Set on post-apocalyptic Earth, the world lies in ruins. Overrun by machines, the human race has escaped to the stars. In a bid to take back the planet the council of humans uses androids, which form an elite YoRHa unit, to explore the surface and rid the planet of the machine menace but the true beauty behind the narrative of the game is one that explores the emotions of both human, android and machine…
Seamlessly mixing SHUMP, action and platforming elements, NieR: Automata is indeed an incredible game but its success isn’t just the seamless blending of multiple genres but the way the story is handled. What seems like a simple ‘save the world’ adventure unravels to be so much more once you have begun to scratch away at the surface and play through the game multiple times.
After completing the game with the android 2B, you are able to experience the story from another’s perspective, which unveils a different perspective to the narrative. While some story events crossover, the multiple endings are well worth experiencing. Stats, XP and items carry over so you won’t be starting from scratch each time and new mechanics add an additional positive point if battling new enemies and uncovering additional plot narrative isn’t enough for you.
To experience the bare minimum that the story has to offer, you need to play the game three times to get endings A, B and C but instead of looking at it like you are playing the game three times, look at as playing it once but through the eyes of three different characters. Stick to one playthrough and you won’t get to experience the true beauty of NieR: Automata.
While there are five ‘true’ endings to the game – another 21 can be triggered by mission actions, which often occur by executing a ‘game ending’ choice like eating a fish, which inadvertently terminates 2B’s life permanently and rewards the K ending. Meanwhile, others are in-jokes from the developers that will give you plenty to do should you want to find all 26.
Rather than opt for adding buffs through levelling and progressing your skills through a skill tree, as an android you install chips into your mainframe – each chip acting as a power-up that enhances your body with various abilities, changes to the HUD or increasing your attributes. Even better is that you can load up to three skill trees so you can set up chipsets for particular situations – health buff, close combat, ranged etc. – working out how to manipulate them is essential if you take on hard mode.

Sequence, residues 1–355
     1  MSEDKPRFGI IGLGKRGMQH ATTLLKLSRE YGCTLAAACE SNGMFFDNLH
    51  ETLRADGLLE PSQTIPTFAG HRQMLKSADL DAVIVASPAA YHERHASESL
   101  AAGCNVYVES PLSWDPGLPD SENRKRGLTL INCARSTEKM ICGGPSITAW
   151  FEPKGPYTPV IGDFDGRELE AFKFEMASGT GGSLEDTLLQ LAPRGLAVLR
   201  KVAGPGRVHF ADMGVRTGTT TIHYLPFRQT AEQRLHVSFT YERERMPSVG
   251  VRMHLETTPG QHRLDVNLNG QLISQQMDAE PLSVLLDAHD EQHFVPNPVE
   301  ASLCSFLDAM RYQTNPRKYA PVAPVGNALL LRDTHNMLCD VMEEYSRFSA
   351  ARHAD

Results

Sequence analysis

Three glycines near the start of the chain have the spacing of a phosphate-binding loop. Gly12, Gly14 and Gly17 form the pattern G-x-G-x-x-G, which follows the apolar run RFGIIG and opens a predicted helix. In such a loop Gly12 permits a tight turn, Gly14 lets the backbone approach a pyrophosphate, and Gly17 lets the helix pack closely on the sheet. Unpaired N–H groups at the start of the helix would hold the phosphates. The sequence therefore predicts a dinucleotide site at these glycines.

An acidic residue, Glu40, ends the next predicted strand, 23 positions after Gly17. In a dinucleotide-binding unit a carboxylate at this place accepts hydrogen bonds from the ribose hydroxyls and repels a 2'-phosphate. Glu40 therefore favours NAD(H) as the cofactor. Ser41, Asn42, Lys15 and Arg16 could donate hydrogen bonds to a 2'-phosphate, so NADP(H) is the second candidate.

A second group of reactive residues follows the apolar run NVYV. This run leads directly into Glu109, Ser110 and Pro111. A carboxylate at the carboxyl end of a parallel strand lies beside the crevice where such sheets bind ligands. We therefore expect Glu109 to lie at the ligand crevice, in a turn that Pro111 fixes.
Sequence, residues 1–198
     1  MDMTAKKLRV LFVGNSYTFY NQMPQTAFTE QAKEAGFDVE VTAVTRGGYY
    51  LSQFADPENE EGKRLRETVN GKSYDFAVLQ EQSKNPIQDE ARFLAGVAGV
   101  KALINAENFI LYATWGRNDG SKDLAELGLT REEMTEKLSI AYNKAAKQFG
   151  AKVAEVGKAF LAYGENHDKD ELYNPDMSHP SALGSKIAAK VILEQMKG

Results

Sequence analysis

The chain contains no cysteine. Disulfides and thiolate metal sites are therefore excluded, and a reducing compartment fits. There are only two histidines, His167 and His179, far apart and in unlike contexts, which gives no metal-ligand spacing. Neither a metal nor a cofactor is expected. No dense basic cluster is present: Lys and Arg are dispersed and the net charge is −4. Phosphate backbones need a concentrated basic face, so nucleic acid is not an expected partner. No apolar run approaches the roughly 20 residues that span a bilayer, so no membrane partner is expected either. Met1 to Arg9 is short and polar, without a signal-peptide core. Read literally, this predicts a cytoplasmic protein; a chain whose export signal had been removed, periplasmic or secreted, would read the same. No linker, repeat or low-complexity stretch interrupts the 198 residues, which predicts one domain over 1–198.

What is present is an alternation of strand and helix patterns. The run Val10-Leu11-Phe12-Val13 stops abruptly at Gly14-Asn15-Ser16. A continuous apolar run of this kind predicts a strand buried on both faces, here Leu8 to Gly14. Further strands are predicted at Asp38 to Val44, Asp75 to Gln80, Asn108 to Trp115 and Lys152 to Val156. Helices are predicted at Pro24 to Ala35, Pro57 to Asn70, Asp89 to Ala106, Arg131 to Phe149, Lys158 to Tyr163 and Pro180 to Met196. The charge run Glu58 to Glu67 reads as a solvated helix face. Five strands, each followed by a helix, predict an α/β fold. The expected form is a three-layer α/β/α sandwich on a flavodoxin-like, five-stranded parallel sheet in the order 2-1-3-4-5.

Taking cues from Dark Souls, die and your mechanical body remains on the battlefield with your currently equipped chipset still installed, die again before recovering it and all is lost. Meanwhile, other player bodies are also left lying around – repairing them adds an AI version to your team, while retrieving them temporarily adds three random buffs that are relative to the chips that the fallen player had equipped.
In true PlatinumGames style, the combat is excellent. A flurry of moves not only looks badass, but it carries a great sense of weight to the blows. Never did I feel that enemies were cheap in their moves, if I died it was because of my own stupid mistake. But therein lies the biggest issue. If you create your chipset to complement your playstyle and have some skills with hack n slash button mashing, the combat is a breeze. Dead android bodies of other gamers littered areas where I barely broke a sweat.
If you fancy yourself as a hack n slash master then don’t dilly-dally, go in hard otherwise like me, you may find the game a little too easy. Flight unit sections add a slight reprieve to the combat, flipping the genre into a SHMUP with very light bullet hell sequences – I say light because while impressive on screen, they are super easy to negotiate, something that the bullet hell genre is not known for.
Visually the game looks great and while some of the buildings date the game, the vegetation and water effects looked wonderful. An amusement park area was a particular highlight, but there weren’t enough of these locations to explore and enjoy. Other locations barely held a light to its radiance and this is really my only gripe with an otherwise perfect world.
I’ve tried to stick with games that offer multiple endings, but I have often lost interest well before I had experienced all of them. While I doubt I will uncover all 26 endings, I did pursue A, B and C and I am sorely tempted to play the game again to find D and E.
Despite some obvious similarities, NieR: Automata gave me some serious FFVII vibes too, from location and gameplay styles to characters and the awesome soundtrack. Few games can boast being able to mix gaming genres well, but NieR: Automata manages this feat and is partly responsible for making the game a worthy entry onto my list of all time favourite games.
NieR: Automata is a fantastic RPG that will have you pining for more when ending A’s credits roll. Diving in again, you will find another layer of love for the characters and the many charms of the world, not to mention the exquisite combat that only PlatinumGames can deliver.